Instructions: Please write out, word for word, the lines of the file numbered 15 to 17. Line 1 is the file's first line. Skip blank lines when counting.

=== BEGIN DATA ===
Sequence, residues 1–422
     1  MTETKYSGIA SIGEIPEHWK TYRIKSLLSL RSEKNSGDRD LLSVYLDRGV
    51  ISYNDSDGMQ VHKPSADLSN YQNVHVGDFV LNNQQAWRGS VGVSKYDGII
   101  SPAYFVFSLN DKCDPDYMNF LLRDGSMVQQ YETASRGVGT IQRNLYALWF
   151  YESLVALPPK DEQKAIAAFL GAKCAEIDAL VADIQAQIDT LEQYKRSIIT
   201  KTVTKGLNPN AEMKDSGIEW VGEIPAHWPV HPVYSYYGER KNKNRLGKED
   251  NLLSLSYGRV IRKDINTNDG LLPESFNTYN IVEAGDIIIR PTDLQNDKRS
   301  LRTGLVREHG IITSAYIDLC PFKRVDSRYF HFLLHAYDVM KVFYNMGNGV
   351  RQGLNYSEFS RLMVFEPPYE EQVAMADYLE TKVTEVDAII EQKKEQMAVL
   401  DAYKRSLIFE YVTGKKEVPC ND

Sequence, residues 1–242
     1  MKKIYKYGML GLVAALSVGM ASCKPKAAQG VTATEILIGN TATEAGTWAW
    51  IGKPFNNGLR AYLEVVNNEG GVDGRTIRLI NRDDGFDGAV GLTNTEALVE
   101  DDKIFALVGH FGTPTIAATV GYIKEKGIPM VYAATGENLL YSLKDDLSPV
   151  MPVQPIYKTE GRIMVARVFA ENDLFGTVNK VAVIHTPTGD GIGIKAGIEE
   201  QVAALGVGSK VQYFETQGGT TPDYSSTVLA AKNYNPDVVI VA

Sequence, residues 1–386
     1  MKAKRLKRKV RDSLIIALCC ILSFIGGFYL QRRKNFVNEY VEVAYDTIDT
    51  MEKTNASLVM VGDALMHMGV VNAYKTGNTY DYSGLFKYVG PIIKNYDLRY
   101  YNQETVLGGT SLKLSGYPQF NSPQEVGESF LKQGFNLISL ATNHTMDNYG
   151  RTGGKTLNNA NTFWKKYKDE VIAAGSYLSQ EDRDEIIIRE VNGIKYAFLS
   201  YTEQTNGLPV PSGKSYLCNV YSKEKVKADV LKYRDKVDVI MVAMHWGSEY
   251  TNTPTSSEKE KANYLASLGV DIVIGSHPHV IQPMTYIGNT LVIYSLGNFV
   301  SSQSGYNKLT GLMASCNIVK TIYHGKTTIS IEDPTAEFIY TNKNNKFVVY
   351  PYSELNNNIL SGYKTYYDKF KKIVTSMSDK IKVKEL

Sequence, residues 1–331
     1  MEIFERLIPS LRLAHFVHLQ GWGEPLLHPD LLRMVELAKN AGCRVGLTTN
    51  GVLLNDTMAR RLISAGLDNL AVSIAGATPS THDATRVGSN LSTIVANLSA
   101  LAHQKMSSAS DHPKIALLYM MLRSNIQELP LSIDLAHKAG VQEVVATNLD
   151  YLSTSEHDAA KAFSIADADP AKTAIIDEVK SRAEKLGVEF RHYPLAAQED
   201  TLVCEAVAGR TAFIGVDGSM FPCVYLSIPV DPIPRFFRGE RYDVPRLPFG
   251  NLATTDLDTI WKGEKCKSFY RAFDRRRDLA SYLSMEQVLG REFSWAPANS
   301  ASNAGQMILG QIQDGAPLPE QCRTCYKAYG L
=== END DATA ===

   151  MPVQPIYKTE GRIMVARVFA ENDLFGTVNK VAVIHTPTGD GIGIKAGIEE
   201  QVAALGVGSK VQYFETQGGT TPDYSSTVLA AKNYNPDVVI VA

Sequence, residues 1–386